The results of these previous lab studies indicate that the performance of SBS-modified emulsified asphalt that has been formed and cured is better than that of ordinary emulsified asphalt. However, the addition of polymers to emulsified asphalt does not appear to fundamentally change the characteristics of the emulsified asphalt. Some studies have also mentioned the difficulty of preparing emulsified asphalt mixtures and the necessity of further improving the stability of the materials. In practical applications, the shortcomings of the slow strength formation and the insufficient bonding of such mixtures with pavement have not been fully overcome. Furthermore, such mixtures are not suitable for use in damp environments. To overcome these problems, some researchers have explored the use of waterborne epoxy resin. Waterborne epoxy emulsified asphalts (WEEAs) produced by modification by water-based epoxy resins can be cured in damp conditions and at room temperature and have proven to have high densities, good chemical stabilities, and high viscosities (Yu, 2018). To obtain binding materials with high bonding strengths at high temperatures and high flexibilities at low temperatures, several WEEA preparation methods have been explored, with the resulting WEEAs exhibiting excellent bonding strength, crack resistance, and anti-impact properties and, depending on the preparation procedure, high water stability and the ability to adhere to aggregates (Yang et al., 2019). WEEA mixtures with aluminum trihydroxide and zinc borate as additives have been used in tunnel construction (Chen et al., 2018). Given the insufficient durabilities of conventional preventive maintenance techniques using bitumen emulsions, some researchers have investigated the performance of WEEA as a pavement preventive maintenance material, with the results indicating that the waterborne epoxy distributes evenly within the asphalt matrix, and significantly improves the skid resistance and durability of pavements maintained with asphalt emulsion coating layers (Hu et al., 2019). In the other research, WEEA mixtures have been used as permeating and solidifying seal coat materials in what could be considered a new generation of preventive maintenance treatments for asphalt pavements (Liang et al., 2019). It has been found that the technical compatibility of cured WEEA mixture is enhanced as the waterborne epoxy content increases over content ranges below 30% (Gu et al., 2019).
Despite the achievements in the research on WEEA mixtures, their application as thin-coat layers remain in the early stages. The shortcomings of the overly high stiffness and brittleness introduced by the waterborne epoxy resin remain to be solved. In practical engineering applications, high levels of stiffness result in enhanced stress on materials under heavy traffic conditions. Furthermore, the lack of thickness of thin-coat WEEA mixtures (which are generally less than 2 cm in depth) makes the material more prone to cracking in winter. To examine the low-temperature durability of thin-coat WEEA mixtures under heavy traffic loads, in this study a WEEA mixture with high strength, good bonding performance, high stability, and reduced brittleness for use as a thin-coating layer for pavement maintenance material was developed.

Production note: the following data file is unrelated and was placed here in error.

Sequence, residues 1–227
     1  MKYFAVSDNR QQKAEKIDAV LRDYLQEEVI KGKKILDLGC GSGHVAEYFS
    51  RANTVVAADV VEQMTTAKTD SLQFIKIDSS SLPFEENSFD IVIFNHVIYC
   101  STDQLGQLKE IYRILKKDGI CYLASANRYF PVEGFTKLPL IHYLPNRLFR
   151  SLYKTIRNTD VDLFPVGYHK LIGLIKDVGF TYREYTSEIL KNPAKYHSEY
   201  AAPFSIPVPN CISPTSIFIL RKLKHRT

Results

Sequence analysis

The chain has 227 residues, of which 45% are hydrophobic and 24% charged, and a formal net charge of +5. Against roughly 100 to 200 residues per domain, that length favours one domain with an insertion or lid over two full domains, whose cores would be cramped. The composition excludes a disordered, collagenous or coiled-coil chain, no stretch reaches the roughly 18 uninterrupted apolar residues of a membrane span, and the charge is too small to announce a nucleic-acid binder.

Materials and Methods
The emulsified asphalt used in this experiment was an SBS-modified emulsified asphalt produced by Jiangmen Qiangda Highway Materials Co., LTD. The sample was a dark brown liquid. All technical indices of the material were tested following the Standard Test Methods of Bitumen and Mixtures for Highway Engineering (JTG E20-2011), with the results listed in Table 1.
Waterborne Epoxy Emulsion and Curing Agent
The water-borne epoxy resin emulsion and curing agent used in the experiments (Shanxi Xinhua Chemical Co. LTD) could be stored stably at −5–40°C. The curing agent was a non-ionic water-soluble epoxy that contained no free surfactants and had a good compatibility with water-based epoxy resin. The agent could be cured at room temperature and directly diluted with water. The technical parameters of the waterborne epoxy resin emulsion and curing agent are listed in Table 2.
Aggregates and Cement
Diabase aggregates were used in the experiment, with all technical parameters tested using the Test Methods of Aggregate for Highway Engineering (2005; JTG E42-2005). Limestone powder was used in conjunction with Portland P.O42.5 cement. The results are listed in Table 3.
In consideration of the emulsifying environment requirements of emulsified asphalt, an open graded friction course (OGFC)-5 mixture with a 5.2% asphalt-aggregate ratio was used in the experiment. A designed void of 22% was used to obtain better conditions for demulsifying. The gradation is indicated in Table 4.
Asphalt Performance Tests
To test the asphalt performance, waterborne-epoxy-resin-to-curing-agent mass ratios of 2:1, 1:1, and 1:2, with the proportion of water-borne epoxy content in the emulsified asphalt ranging from 5 to 10, 15, 20, 25, and 30%, were used. The WEEAs were prepared using the following cold mixing process: (1) the water-based epoxy resin emulsion was added to the emulsified asphalt, and the mix was stirred for 5 s; (2) the curing agent was then added and the mix was stirred again for 3 min. The performances of the respective WEEAs were studied using fluorescence microscopy, adhesion, and evaporation residue tests.
Particle Dispersion State Observation